Threat of war causes anxiety among potential recruits

Ann Vettikkal | Staff Writer

Given war and peace, America currently exists somewhere between the two. 

On January 2, 2020, President Trump issued a strike that killed major Iranian leader Qasem Soleimani. Beyond heightened tensions between the U.S. and Iran, this event sparked the fast spread of related content at home on the Internet and social media, including jokes about a possible draft for World War III. 

There hasn’t been a draft since the Vietnam War, more than 47 years ago. So when teenagers across the country received fraudulent text messages claiming that they were being drafted into active service by the U.S. Army, the alarms went off. In fact, the Twitter for U.S. Army Recruiting sent out a message clarifying that “the U.S. Army is NOT contacting anyone regarding the draft.”  

Senior Trey Spencer who is on track to complete the ROTC program at Ohio University critiqued the internet’s facetious response to the whole affair. 

“The draft’s not going to happen — not [a] war with Iran,” Spencer said. “Especially today, it’s really popular to make memes and stuff. And that’s all good fun, but I feel like then people take it a little bit too seriously. I think that the talk about World War III is kind of immature.”

Digital Image Design teacher Dan McKay noticed how this current sensationalism by the media has caused an unnecessary frenzy. He has had several friends involved in the military (chiefly for the Iraq War) and even if he himself has never served, he’s seen how these conflicts have created an unhealthy sphere of influence. 

“It’s important to remove yourself for a minute and not worry until you can do some research,” McKay. “It’s really difficult to not get sucked into a media storm or hearsay. There’s often been times when things looked dire. I just try and keep a perspective of ‘let’s give these things time and let’s see what plays out.’”

Although the draft seems like a distant memory for many Americans, the anxious whispers about one aren’t as far away. For McKay, the current conversations feel all too familiar.

“I remember being with a bunch of guys having the exact same conversation almost 20 years ago that we were all going to get drafted,” McKay said, recalling his personal circumstances after 9/11 had occurred. “People were scared. I think I was a senior in college and personally, I had very different plans for my life. So I was not excited. But I had a feeling of, if that’s what’s required of me, I’ll do it.”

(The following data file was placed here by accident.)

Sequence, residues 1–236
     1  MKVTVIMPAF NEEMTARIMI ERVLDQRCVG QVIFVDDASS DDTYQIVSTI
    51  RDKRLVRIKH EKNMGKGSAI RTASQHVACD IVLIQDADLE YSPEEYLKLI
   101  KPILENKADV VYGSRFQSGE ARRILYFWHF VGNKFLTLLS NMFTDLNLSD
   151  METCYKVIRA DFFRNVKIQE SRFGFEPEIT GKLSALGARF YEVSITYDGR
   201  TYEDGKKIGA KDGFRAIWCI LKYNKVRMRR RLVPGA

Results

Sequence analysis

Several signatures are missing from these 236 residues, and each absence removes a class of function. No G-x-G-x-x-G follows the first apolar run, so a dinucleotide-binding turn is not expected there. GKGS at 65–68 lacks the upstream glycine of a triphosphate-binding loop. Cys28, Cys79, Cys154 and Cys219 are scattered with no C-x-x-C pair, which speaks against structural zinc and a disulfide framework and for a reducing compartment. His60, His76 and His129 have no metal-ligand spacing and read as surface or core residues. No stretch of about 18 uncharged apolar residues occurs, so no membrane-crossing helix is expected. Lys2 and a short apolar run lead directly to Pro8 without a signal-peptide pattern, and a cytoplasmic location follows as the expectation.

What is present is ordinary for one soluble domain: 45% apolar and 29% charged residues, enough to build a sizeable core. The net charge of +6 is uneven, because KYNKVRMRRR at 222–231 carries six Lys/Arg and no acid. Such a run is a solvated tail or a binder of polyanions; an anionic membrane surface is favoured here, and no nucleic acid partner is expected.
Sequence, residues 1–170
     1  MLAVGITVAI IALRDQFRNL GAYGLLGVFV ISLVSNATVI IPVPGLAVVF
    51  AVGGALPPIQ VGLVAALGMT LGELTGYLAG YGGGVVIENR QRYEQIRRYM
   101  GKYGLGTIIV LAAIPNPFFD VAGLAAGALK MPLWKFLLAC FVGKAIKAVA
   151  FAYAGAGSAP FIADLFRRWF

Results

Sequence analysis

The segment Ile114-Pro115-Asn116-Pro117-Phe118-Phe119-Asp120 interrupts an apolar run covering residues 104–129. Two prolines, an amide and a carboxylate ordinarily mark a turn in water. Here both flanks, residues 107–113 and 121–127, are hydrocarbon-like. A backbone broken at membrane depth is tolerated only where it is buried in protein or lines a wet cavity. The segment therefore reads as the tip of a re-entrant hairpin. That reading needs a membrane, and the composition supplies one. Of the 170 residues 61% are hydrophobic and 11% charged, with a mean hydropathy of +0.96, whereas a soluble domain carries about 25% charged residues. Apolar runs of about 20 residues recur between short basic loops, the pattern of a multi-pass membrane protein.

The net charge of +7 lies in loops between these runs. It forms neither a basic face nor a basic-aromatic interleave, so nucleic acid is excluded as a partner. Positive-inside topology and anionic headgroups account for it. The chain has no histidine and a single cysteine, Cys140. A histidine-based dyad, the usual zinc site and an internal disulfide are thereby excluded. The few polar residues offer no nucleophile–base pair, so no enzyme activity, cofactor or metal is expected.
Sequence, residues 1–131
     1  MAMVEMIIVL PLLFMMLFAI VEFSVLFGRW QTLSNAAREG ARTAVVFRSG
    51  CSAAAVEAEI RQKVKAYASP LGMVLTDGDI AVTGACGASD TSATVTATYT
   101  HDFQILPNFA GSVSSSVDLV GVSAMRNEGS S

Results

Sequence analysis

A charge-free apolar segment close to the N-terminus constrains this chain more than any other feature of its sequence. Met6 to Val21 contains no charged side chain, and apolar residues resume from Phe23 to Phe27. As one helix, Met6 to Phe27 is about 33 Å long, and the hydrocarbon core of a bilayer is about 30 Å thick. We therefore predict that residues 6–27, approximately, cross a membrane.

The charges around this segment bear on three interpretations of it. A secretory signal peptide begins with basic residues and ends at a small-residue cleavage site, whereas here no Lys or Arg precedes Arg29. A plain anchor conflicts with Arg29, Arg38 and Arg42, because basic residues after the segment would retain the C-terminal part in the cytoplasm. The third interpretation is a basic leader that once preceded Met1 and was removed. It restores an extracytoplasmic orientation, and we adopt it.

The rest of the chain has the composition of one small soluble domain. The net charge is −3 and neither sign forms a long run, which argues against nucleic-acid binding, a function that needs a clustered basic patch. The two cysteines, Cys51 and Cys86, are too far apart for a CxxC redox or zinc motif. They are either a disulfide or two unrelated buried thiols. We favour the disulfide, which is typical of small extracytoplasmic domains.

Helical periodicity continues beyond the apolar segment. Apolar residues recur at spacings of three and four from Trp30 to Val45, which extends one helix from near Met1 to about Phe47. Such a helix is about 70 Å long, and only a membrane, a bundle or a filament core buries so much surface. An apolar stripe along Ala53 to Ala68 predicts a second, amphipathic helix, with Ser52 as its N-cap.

McKay also talked about the differences between now and then. To him, social media was the largest factor of change, while the rest stayed relatively the same. 

“Information spreads instantly,” McKay said. “Whereas 20 years ago, people at least went to the news first. It doesn’t always mean it was right. But that kind of slowed things down a bit. But I think the anxieties are going to be the same wherever you feel like you don’t have control of your life.”

Any male that turns 18 and is a U.S citizen must still sign up for Selective Service. Senior Vince Albers, who doesn’t plan on choosing a military path any time soon, felt uncomfortable with this process. 

“When I was applying to college, FAFSA requires you to sign up for the draft,” Albers said. “It was a five-minute online document that I had to fill out. The website itself was very simple. That’s what I kind of dislike about it too — you’re signing up to potentially be drafted into the military but it seems like something so small.”

Albers considers himself “anti-conflict.” Even though he knows that “it’s not going to happen,” he is still uneasy with the notion of a draft on principle. 

“I guess [the draft] could be necessary,” Albers said. “But I don’t think it should ever happen. You’re drafting people who don’t believe in the same thing that the President does. If I’m going to be fighting for something, I want it to be fighting for something that I care about.”

For Spencer, whose walls are lined with the medals of his uncles and grandfathers and has always had an interest in military history, his background shapes how he approaches this subject. But he also talked about how his personal opinions fit in with the nation he will choose to serve, voicing similar feelings for conflicts he believed were unwelcomed. 

“I feel devotion to my country,” Spencer said. “I have been given a very good hand in life. I never had any problems with money and I feel like I owe it to my country. Now, that being said, defending my country is different than fighting in the Middle East. I don’t believe that’s defending my freedoms.” 

McKay also called into question the morality of war on a case by case basis; what we see now should be treated independently of unrelated conflicts. 

“Tons of people have written novels about whether war is just or not,” McKay said. “Who’s making the decisions? Do you agree with them? What are the circumstances? Vietnam was its own thing. 9/11 was its own thing. Now, this is its own thing. We have to be informed.”

As of now, this nation’s fate is not sealed in a sanctioned war or presented with any reason to conscript the youth. But if it ever were to occur, Spencer believes that there is always ambiguity to the conflict, which is often hidden under a veneer of patriotism. 

“I feel like we get too caught up in national pride,” Spencer said. “In reality, war is an awful thing. Not just for our soldiers going over there and coming back with PTSD — or dead — but for the people in those countries. It’s not all just good guys and bad guys. There’s a big gray area. Our message is that yes, we mean business. But also we don’t end up killing people for no reason.”

Photos by Henri Robbins.